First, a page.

Qawwali at Nizamuddin Dargah ,a 700 years old spiritual and multicultural tradition.

kumar abhishek sharma
3 min readApr 16, 2020

Qawwali as a form of devotional music has been performed by the Sufis to stimulate religious devotion and a sense of spiritual closeness to God since long. The origin may be traced back to the Persian culture, but the second migration from Persia around the 11th century brought the practice to the Indian Subcontinent. The Chishti Sufi Order can be credited for popularising the practice amongst the common masses of India since the 13th century. The dargah (shrine) of Nizamuddin Auliya in West Nizamuddin, Delhi is a witness to this 700 years old tradition that is still carried on with the same zeal. The localisation of “qawwali and its language” to make it appeal to the Indian masses, happened during the time of Amir Khusro,who was a disciple of the Chishti Sufi Saint, Hazrat Nizamuddin Auliya. He incorporated many local linguistic as well as musical traditions to the existing structure of qawwali .He did an extensive fusion of already existing musical traditions of the Subcontinent from Hindvi to Brajbhasha within the structure of Qawwali. But despite all the regional variations in Sufi Musical traditions in Iran , Turkey ,Central Asia and to the Indian Subcontinent ,the core remains the same .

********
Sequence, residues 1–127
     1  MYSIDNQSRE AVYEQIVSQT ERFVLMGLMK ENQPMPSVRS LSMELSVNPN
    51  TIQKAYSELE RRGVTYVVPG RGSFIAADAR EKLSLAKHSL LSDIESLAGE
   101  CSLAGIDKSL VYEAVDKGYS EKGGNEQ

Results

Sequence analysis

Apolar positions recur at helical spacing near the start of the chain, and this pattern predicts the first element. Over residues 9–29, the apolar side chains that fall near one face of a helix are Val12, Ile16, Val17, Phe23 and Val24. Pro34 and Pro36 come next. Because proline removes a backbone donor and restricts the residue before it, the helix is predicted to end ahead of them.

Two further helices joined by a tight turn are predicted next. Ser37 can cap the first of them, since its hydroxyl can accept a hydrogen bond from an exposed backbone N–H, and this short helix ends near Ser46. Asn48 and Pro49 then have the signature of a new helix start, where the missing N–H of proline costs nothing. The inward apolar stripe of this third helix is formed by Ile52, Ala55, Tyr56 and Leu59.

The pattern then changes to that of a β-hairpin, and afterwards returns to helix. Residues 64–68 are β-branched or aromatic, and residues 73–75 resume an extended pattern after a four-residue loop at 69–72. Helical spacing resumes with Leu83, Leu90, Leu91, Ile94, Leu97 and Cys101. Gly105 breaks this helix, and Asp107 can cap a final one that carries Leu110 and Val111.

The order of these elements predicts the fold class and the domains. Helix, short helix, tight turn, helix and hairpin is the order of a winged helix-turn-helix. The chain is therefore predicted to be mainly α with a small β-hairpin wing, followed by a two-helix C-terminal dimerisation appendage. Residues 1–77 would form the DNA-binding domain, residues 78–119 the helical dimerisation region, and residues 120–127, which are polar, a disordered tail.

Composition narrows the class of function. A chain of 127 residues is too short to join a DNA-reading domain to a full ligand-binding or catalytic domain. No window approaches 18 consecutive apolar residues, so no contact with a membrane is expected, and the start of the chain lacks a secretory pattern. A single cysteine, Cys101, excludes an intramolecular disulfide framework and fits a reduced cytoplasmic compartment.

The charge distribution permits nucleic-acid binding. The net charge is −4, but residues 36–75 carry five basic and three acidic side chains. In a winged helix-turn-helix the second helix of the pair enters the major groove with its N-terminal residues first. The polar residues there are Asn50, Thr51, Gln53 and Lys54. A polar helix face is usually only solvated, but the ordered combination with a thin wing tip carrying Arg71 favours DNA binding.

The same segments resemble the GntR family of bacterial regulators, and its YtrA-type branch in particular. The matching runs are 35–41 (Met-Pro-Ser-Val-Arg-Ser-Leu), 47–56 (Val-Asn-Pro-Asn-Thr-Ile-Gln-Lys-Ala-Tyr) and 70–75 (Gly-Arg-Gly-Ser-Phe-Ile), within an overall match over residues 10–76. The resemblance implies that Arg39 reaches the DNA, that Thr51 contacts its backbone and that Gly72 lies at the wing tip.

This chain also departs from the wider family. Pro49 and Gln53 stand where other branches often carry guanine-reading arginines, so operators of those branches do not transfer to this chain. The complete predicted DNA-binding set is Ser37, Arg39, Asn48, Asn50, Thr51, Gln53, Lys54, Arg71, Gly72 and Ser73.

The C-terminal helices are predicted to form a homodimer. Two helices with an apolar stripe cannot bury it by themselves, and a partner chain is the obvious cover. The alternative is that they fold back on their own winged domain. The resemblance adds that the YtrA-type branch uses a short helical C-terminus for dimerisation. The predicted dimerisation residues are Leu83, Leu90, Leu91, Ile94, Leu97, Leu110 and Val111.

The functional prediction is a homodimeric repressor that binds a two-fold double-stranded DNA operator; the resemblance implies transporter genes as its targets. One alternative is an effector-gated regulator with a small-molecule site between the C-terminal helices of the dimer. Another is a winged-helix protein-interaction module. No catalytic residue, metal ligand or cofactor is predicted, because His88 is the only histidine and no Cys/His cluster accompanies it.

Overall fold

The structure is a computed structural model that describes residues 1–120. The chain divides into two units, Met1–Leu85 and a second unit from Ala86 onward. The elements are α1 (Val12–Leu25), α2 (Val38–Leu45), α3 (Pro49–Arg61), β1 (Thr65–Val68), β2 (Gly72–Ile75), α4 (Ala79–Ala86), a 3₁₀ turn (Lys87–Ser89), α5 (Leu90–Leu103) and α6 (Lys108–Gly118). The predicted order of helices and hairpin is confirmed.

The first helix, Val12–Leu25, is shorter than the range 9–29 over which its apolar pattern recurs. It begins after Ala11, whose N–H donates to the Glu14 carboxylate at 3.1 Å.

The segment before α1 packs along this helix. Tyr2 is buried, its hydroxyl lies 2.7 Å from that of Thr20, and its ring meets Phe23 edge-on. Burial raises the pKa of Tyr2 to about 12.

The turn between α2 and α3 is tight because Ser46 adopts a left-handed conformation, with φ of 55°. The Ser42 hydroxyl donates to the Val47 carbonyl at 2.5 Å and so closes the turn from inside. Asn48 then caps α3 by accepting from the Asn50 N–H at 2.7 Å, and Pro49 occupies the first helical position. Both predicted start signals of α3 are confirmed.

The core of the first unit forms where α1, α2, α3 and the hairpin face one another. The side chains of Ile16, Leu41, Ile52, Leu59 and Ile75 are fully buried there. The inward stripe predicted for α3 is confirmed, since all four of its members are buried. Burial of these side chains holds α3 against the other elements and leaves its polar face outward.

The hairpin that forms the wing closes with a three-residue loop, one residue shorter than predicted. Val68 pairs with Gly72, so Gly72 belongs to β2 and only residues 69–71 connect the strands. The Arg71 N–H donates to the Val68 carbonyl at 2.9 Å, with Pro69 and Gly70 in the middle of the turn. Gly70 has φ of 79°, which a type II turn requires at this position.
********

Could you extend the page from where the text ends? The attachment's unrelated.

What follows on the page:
The tranquility of Sufi music and the spirit of the qawwals is an experience that stays on forever with you. The tradition that started with the great Hazrat Nizamuddin Auliya and Amir Khusro ,who holds a special place in Indian music history is still enjoyed by people from all over the globe.

Even before being popularised by bollywood in movies like Rockstar the qawwalis have been a part of mainstream music in songs like Chaap tilak, Aaj rang hai and Ghar Nari. The Nizami qawwal family have been performing their art in the dargah for almost 600 years now. The basic structure of most of the compositions has remained the same for about 6 centuries, though with time numerous variants have set in.

TIMINGS: You can spot a qawwal at the dargah anyday if lucky, as one Or the other is performing in the courtyard almost everyday. But the main mehfil or samaa takes place every “Thursday evening” at around 6 PM. . It goes on till night with a break for the evening prayers. The presence of a big party of Qawwals on Thursdays makes it electrifying.

Culture and its continuity :In the cultural scene of Delhi, the experience at the Dargah would be one of the topmost experiences showcasing the multicultural and heterogeneous essence of Delhi. There are people from all walks of life,different nationalities, different religions and varied social standings.The floor on which they sit together knows no privilege Or inequality.Its just the music and the faith. One is just amazed by the Cultural Continuity of the practice ,if one knows that the same compositions are being sung by the same family in the same compound for about 700 years now. Nearby one can also visit the Tomb of Mirza Ghalib, one of the leading poets India has ever seen. Humayun’s tomb and the chilla of Hazrat Nizamuddin Auliya is also nearby, one can walk easily.

Originally published at https://picsandtales.com on April 16, 2020.

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